Australian election misinformation playbook
The challenge of monitoring, understanding, defining and responding to mis- and disinformation is exacerbated during election campaigns. This report outlines tactics used by agents of disinformation to undermine elections as observed by First Draft’s global monitoring since 2015. This is placed within a brief overview of the characteristics and vulnerabilities that bear consideration during elections in the Australian context. Campaign tactics have also furthered the spread of falsehoods and mis- and disinformation in Australia. This creates additional challenges (for which there are emerging solutions) when debunking political misperceptions that people may initially label as ‘misinformation’.
This report outlines why word choices matter. Consideration must be given ahead of an election to the level of understanding audiences and politicians alike have of definitions. Regardless of political leaning, they must be able to consider whether a claim that something is ‘misinformation’ could actually be political bias or misunderstanding of the definitions. As the Australian Code of Practice on Disinformation and Misinformation noted, concepts and definitions “mean different things to different people and can become politically charged when they are used by people to attack others who hold different opinions on value-laden political issues on which reasonable people may disagree.” The code also noted “understanding and effects of these concepts varies amongst individuals and is also under-researched.” First Draft recommends more research from an Australian perspective in this field.
The crucial role journalists play in countering political falsehoods and slowing down mis- and disinformation is explained. We encourage research, training and outreach that focus on this role and help prepare audiences for misinformation so they are better equipped to spot it and question it.This must be an ongoing pursuit, so that quality information is within easy reach of the public. This report also challenges politicians to consider their campaign responsibilities with regard to the role they may play in the spread of misleading information, and aims to help policy makers and legislators make informed decisions about supporting the information ecosystem.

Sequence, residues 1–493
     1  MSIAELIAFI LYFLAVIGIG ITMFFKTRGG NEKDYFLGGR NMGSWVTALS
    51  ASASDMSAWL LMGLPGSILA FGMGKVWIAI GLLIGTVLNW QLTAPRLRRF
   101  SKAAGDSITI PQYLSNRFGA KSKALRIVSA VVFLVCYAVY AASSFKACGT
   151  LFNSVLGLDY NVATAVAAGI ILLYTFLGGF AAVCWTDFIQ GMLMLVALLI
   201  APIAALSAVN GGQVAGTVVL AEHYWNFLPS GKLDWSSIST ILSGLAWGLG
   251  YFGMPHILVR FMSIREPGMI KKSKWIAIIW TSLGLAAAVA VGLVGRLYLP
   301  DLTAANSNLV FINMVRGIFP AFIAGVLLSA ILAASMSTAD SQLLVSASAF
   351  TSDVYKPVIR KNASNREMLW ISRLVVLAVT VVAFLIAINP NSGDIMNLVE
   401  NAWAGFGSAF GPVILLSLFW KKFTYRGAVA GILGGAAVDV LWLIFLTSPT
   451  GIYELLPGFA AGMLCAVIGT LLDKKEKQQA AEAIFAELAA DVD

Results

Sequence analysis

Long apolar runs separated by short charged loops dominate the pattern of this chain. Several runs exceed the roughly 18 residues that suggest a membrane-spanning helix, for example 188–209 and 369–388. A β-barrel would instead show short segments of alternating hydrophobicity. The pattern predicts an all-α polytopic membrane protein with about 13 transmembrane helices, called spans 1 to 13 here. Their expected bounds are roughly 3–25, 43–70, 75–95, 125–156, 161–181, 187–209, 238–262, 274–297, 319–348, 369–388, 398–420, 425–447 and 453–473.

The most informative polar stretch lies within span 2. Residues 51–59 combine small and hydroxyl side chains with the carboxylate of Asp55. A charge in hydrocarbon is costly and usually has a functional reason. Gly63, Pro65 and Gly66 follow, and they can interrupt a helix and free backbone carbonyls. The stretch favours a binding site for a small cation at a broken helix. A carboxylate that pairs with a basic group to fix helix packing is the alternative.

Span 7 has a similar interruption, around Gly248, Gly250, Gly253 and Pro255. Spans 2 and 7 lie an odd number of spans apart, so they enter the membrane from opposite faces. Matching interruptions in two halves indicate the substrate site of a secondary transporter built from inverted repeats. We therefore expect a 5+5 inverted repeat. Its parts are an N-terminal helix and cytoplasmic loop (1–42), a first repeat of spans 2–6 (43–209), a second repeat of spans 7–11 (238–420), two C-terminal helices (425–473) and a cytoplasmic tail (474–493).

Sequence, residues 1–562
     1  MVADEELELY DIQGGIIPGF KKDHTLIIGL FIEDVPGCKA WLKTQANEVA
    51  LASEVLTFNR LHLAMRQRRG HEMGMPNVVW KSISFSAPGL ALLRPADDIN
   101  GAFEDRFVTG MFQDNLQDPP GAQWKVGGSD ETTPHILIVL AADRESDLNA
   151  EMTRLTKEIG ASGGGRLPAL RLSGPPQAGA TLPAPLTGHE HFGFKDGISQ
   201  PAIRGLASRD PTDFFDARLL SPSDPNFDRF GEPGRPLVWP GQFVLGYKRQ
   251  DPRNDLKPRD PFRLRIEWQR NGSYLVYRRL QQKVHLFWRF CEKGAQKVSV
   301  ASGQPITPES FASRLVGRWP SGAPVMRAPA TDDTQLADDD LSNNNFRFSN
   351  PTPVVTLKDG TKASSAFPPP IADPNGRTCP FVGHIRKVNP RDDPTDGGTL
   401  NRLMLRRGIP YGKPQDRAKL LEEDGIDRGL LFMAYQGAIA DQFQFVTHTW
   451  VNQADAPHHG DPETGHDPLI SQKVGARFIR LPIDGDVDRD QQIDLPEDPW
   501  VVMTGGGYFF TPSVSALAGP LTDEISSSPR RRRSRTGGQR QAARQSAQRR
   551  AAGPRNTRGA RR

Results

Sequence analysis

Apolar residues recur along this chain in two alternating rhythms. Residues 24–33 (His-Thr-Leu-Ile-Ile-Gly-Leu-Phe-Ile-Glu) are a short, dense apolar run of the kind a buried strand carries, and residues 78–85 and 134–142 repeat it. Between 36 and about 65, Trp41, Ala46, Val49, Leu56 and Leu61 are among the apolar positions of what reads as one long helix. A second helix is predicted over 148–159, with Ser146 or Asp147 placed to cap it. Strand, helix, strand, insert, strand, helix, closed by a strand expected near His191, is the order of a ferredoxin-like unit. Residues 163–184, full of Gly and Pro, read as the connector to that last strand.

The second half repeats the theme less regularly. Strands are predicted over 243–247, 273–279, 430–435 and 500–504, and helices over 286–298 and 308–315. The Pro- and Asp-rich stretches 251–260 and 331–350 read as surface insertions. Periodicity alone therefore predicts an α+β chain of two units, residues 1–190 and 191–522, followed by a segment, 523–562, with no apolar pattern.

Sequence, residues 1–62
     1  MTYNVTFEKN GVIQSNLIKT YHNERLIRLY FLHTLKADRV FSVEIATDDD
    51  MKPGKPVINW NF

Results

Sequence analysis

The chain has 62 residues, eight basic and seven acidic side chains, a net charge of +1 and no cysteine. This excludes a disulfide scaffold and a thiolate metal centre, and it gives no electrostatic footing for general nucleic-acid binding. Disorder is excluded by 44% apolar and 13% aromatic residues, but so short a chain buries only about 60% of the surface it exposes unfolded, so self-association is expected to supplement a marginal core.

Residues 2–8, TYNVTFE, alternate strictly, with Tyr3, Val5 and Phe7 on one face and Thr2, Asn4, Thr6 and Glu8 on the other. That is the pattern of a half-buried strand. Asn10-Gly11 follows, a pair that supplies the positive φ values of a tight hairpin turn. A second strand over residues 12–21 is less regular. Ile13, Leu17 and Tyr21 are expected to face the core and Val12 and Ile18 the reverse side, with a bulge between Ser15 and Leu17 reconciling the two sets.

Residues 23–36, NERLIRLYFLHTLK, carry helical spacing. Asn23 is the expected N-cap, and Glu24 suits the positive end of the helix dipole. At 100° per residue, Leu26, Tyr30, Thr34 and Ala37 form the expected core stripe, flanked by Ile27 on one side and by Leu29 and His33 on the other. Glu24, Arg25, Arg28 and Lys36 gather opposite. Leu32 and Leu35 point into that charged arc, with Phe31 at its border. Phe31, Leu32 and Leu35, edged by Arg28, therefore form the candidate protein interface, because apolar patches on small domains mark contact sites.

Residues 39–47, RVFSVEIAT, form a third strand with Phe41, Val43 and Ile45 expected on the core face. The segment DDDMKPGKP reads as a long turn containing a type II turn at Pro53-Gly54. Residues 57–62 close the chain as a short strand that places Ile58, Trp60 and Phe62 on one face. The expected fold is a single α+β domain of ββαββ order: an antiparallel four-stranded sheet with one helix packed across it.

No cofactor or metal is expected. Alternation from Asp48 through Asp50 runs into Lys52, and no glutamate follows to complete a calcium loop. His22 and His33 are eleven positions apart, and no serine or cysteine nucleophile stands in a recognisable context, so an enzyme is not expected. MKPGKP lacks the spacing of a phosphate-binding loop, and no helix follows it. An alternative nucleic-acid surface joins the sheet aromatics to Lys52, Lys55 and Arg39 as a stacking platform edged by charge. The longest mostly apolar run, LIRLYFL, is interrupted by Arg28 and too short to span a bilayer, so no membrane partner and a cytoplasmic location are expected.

An election is an easy target (and opportunity) for the creation of misleading information. It can take many forms — memes, articles, audio messages, videos, screenshots and even comments on social media posts. Generally speaking, First Draft refers to misleading content as either misinformation or disinformation; the difference between the two is intent:
- Disinformation is when people deliberately spread false information to make money, influence politics or cause harm.
- Misinformation is when people do not realize they are sharing false information. It is important to understand that most people share misleading content out of genuine concern and desire to protect others.
In reality, it is rarely so neat. The lines between mis- and disinformation can blur, overlap and be repurposed. Often when disinformation is shared it turns into misinformation. Take, for example, false Covid-19 “remedies,” many of which have caused real-world harm. Conversely, something that starts as misinformation can be picked up by disinformation agents with an agenda. For example, a journalist misreporting the cause of an Australian bushfire season as an arson wave which is then picked up by conspiracy theorists with a climate denial agenda. A third category, called “malinformation,” exists when the information is true, but is shared maliciously, (e.g., leaked emails or revenge porn). First Draft co-founder Claire Wardle collectively referred to the different types and interplay of misleading content as information disorder.